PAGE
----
What did you do to the face that is different from the original? There are about 2220 characters in the font I designed. Steinweiss’ Photo-Lettering font had about 62 (plus punctuation). The letterforms I designed for my fonts are definitely “in the spirit” of Steinweiss work, but are in no way copies of the forms in his “Steinweiss Scrawl.” Many of the letterforms I created for this may in fact be quite different from what Alex Steinweiss might have done, but were necessary in order to facilitate connectivity between letters. I designed my fonts in three weights, and within each weight there are three variations which, to put it simply, are variations in the height of the caps and of the lowercase ascenders and descenders. There is also a full range of accents for European language support. What makes this font work are the huge number of alternates and ligatures which, when accessed through OpenType compatible applications, allow one to compose words with much of the free-flowing feeling and connectivity that Alex Steinweiss had imbued his calligraphy with. This, of course, was not possible at the time that he originally created his font. Did Alex Steinweiss, who is 93, give you permission? He still retains rights, correct? When I started designing this font, I had not had any contact with Mr. Steinweiss. I was kind of intimidated by the thought of trying to contact this icon of 20th century design. But then I thought about it, and realized that of course I had to contact him. I spoke to Nina Wiener, the editor at Taschen who had had extensive contact with Mr. Steinweiss throughout the course of doing the book, and she agreed to help me facilitate this. She told me that because of Mr. Steinweiss’ advancing age it was becoming increasingly difficult to communicate with him. So Nina put me in contact with Leslie Steinweiss—Alex’ son. I described my project to him, and sent him some samples of what I had developed so far. I told him that I would like to name the fonts “Steinweiss Script” as an homage to his father and would also like to offer Mr. Steinweiss a portion of whatever profits I might make from the sale of the fonts. He immediately told me that he loved the idea, but that it would be very difficult, if not impossible at that point for me to discuss this with his father because of his worsening hearing impairment and other problems. So I had to be content with the family’s approval of this project, and not from Mr. Steinweiss himself.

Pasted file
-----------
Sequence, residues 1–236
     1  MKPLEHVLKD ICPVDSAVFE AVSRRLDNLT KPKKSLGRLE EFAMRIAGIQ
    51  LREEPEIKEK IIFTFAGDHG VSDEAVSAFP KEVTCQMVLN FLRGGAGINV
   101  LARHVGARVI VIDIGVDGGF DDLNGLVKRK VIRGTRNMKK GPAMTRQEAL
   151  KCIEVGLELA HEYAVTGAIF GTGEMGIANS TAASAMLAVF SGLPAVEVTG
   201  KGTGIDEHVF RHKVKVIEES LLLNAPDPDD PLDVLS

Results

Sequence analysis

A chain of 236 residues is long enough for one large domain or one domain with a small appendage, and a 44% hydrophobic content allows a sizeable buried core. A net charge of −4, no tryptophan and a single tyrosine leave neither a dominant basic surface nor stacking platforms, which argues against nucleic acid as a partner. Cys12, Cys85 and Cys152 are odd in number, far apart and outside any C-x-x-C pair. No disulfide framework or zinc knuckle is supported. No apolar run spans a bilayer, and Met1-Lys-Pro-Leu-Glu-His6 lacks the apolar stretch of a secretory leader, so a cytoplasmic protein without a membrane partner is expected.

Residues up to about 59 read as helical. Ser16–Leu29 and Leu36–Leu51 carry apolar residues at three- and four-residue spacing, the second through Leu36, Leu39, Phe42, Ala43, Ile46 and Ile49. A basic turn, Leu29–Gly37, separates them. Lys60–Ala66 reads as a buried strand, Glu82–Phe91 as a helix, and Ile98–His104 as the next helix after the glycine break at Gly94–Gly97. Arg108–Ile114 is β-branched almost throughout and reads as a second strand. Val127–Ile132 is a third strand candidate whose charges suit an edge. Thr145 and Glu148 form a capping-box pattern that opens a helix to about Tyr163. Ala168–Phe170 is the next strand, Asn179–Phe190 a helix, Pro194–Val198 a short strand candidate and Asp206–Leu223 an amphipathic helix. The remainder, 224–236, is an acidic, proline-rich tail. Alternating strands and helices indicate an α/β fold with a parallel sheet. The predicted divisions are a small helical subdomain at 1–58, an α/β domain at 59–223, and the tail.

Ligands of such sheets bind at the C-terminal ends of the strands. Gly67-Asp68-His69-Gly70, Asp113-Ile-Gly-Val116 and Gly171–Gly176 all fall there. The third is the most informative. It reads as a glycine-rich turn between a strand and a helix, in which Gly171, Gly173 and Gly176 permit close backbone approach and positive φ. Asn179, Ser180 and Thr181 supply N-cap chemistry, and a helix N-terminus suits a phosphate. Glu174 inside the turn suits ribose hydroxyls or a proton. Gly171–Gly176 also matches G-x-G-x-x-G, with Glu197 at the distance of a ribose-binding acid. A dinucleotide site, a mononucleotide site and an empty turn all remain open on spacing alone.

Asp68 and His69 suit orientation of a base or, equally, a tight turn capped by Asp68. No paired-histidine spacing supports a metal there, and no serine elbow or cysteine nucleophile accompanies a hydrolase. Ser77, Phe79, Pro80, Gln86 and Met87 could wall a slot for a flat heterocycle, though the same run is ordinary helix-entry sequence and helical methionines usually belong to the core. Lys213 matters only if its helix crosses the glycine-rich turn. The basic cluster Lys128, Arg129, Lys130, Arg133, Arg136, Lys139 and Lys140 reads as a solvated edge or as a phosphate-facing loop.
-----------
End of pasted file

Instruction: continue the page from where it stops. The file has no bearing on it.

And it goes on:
Was there any other collaborative issues? Well, I couldn’t have created the fonts without the expert OpenType programming assistance of Patrick Griffin from Canada Type.

Doing another’s typeface is like writing a biography. How involved did you get with Alex and vice versa? Well, like I said, I wasn’t able to have direct contact with Alex, so I had to be content with studying many, many of his covers. I did discover however, that we were both Brooklyn boys, he having attended Lincoln HS, and me just a short bike ride away at Sheepshead Bay High School. My art teacher there was Sol Schwartz (with whom I’m still in touch) who had studied art under Leon Friend—as did Alex Steinweiss.

[Original Steinweiss cover at bottom. All other illustrations by Michael Doret.]








See Saturday’s Daily Heller on Monkey Business here.